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Why don’t we capitalize on homegrown know-how?

OTTAWA, Ont. -- Given the success Canadian companies have abroad, one would think the federal government would even...


OTTAWA, Ont. — Given the success Canadian companies have abroad, one would think the federal government would eventually clue in and employ their services at home, but that’s rarely the case.

Take Canada’s northern experience; crumbling and often poorly designed highways coupled with a generally weaker economy the further north you move. Canadian firm Dessau-Soprin has a wide range of expertise in the fields of engineering and construction, reflecting Canadian excellence in the international market in over 30 countries.

The firm carries out projects that open up remote areas and create optimum conditions for economic development, while making the environment the number one priority.

Active on the international scene since the early 1970s, Dessau-Soprin has won numerous awards for excellence, including a 2001 Award for International Cooperation for its Highway 2000 project in Jamaica. This is its third award for international cooperation in six years. Highway 2000, a four-lane freeway under construction, will link Kingston with Montego Bay.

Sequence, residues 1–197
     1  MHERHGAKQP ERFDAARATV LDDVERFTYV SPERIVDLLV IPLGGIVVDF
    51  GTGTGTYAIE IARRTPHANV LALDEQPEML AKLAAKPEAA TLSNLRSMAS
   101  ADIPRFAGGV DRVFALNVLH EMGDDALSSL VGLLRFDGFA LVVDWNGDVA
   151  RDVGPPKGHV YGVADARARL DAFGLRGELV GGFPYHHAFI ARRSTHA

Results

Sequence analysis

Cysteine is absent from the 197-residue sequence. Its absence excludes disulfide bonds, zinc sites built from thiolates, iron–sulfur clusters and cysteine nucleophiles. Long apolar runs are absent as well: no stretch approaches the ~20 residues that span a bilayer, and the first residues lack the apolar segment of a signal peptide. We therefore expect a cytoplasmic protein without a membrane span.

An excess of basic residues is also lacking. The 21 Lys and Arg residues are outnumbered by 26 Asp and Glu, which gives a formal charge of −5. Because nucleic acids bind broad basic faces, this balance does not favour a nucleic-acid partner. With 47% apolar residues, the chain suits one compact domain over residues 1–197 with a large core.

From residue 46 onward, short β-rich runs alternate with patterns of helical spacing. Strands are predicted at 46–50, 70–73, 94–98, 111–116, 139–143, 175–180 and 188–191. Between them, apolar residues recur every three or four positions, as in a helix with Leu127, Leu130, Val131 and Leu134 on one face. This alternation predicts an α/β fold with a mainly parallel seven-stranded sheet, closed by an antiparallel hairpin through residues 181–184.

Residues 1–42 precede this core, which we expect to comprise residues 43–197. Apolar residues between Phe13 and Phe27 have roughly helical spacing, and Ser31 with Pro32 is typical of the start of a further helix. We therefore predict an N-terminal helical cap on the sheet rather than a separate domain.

Using state-of-the-art Canadian surveying technologies, Dessau-Soprin evaluated the technical, economic and environmental impacts of the project, as well as the possible repercussions on the communities along the entire 240-km route. Construction of the new highway — which is creating considerable local employment — is taking place through a private-public partnership, under a BOT (build, operate and transfer) formula.

And then consider the plight of Western Canadian grain haulers who are being crushed by changes to their industry’s transportation network. Winnipeg’s Campbell Agri Business Strategists is a management consulting firm currently working to reform far worse problems in India.

The country continues to suffer from famines and food riots at the same time as up to 15 per cent of its surplus supply of food grains is rotting every year.

Surely if Campbell is able to work with the Indian government and that country’s private sector to modernize India’s bulk grain handling, storage and transportation system it could make some improvements here at home.


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